Publisher's Description: From the Roman conquest of 43 CE to the Norman conquest of 1066 and from the Elizabethan age of Shakespeare to the Iraq and Afghan wars of the 21st century, DK's History of Britain and Ireland traces the key events that shaped the societies living in the British Isles from the earliest times to the present day. 

    History of Britain and Ireland is the definitive visual guide to 5,000 years of British history. It includes a comprehensive timeline chronicling key events in the history of Britain and Ireland, in addition to "decisive moment" spreads that vividly describe turning points in British history. It also profiles the people who have had a significant impact on British culture and society through their inventions, discoveries, and ideas.

    Publisher's Book Page:,,9780756675554,00.html?strSrchSql=history+of+britain/History_of_Britain_&_Ireland_DK_Publishing

    The Perfect Marriage

    Roby, Kimberla Lawson. The Perfect Marriage. New York: Grand Central Publishing, 2013.

    Call no.: F ROB

    Publisher's Description: Denise and Derrek Shaw are the perfect American couple. Happily married for 15 years, they have a wonderful daughter, successful careers, and a beautiful house. They also have a shocking secret: a dangerous addiction to drugs. Denise and Derrek attend Narcotics Anonymous meetings, but with Denise's job becoming more stressful, it is the drugs that allow her to get through her long days. Then Derrek, who has been clean for weeks, relapses when there is a family tragedy. Once soul mates, this husband and wife are quickly losing the immense love they once felt for each other. With her parents spiraling out of control, their daughter, Mackenzie, makes an unexpected move to take matters into her own hands. Is there still hope and a final chance to save the Shaw family?

    Publisher's Book Page:

    Author's Web Site:

    YouTube video:

    Monday, February 11, 2013

    Seeing Trees

    Hugo, Nancy Ross. Seeing Trees: Discover the Extraordinary Secrets of Everyday Trees. Photography by Robert Llewellyn. Portland: Timber Press, 2011.

    Call no.: 582.16 H874s

    Publisher's Description:

    Have you ever looked at a tree? That may sound like a silly question, but there is so much more to notice about a tree than first meets the eye. Seeing Trees celebrates seldom-seen but easily observable tree traits and invites you to watch trees with the same care and sensitivity that birdwatchers watch birds. Many people, for example, are surprised to learn that oaks and maples have flowers, much less flowers that are astonishingly beautiful when viewed up close.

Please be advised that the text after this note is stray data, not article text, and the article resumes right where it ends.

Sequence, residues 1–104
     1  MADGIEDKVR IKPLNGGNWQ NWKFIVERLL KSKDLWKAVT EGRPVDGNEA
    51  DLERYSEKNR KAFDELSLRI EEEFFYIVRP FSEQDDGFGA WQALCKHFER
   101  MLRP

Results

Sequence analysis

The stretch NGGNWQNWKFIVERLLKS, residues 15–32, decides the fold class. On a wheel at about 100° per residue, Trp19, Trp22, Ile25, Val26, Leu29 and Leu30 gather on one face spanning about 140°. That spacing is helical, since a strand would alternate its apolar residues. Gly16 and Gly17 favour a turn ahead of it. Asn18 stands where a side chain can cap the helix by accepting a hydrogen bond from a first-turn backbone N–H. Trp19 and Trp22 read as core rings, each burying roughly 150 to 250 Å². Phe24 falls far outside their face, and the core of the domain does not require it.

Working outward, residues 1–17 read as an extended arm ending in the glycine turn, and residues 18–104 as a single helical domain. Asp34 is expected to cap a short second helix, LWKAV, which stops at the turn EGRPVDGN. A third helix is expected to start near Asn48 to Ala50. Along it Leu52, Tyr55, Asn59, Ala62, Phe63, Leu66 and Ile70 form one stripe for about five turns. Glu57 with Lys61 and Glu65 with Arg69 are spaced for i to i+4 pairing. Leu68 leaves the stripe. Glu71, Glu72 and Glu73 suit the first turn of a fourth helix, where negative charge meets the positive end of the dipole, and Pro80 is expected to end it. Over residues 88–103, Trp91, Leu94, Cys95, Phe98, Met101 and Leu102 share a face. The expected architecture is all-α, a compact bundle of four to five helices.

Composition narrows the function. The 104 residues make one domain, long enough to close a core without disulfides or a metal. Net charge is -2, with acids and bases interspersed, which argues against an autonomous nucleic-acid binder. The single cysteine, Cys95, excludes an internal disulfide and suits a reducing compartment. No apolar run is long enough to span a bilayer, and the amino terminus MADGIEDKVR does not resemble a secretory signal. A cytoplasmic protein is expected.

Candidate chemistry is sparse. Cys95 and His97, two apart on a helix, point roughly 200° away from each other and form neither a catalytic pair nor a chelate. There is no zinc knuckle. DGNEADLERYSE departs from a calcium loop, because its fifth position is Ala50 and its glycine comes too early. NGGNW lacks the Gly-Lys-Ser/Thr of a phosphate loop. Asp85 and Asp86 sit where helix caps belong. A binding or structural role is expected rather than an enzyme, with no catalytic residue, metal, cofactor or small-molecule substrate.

Focusing on widely grown trees, this captivating book describes the rewards of careful and regular tree viewing, outlines strategies for improving your observations, and describes some of the most visually interesting tree structures, including leaves, flowers, buds, leaf scars, twigs, and bark. In-depth profiles of ten familiar species — including such beloved trees as white oak, southern magnolia, white pine, and tulip poplar — show you how to recognize and understand many of their most compelling (but usually overlooked) physical features.

    Nancy Ross Hugo's delightful text and Robert Llewellyn's breathtaking photographs deliver a steady stream of small astonishments that not only underscore the fascinating physiology of trees but will bring you into a closer, more intimate relationship with these miracles of nature.

    Publisher's Book Page:

    YouTube Video:

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    The Round House

    Erdrich, Louise. The Round House. New York: Harper Collins, 2012.

    Call no.: F ERD

    Awards: Winner of National Book Award (Link includes video.)

    Publisher's Description: One Sunday in the spring of 1988, a woman living on a reservation in North Dakota is attacked. The details of the crime are slow to surface as Geraldine Coutts is traumatized and reluctant to relive or reveal what happened, either to the police or to her husband, Bazil, and thirteen-year-old son, Joe. In one day, Joe's life is irrevocably transformed. He tries to heal his mother, but she will not leave her bed and slips into an abyss of solitude. Increasingly alone, Joe finds himself thrust prematurely into an adult world for which he is ill prepared.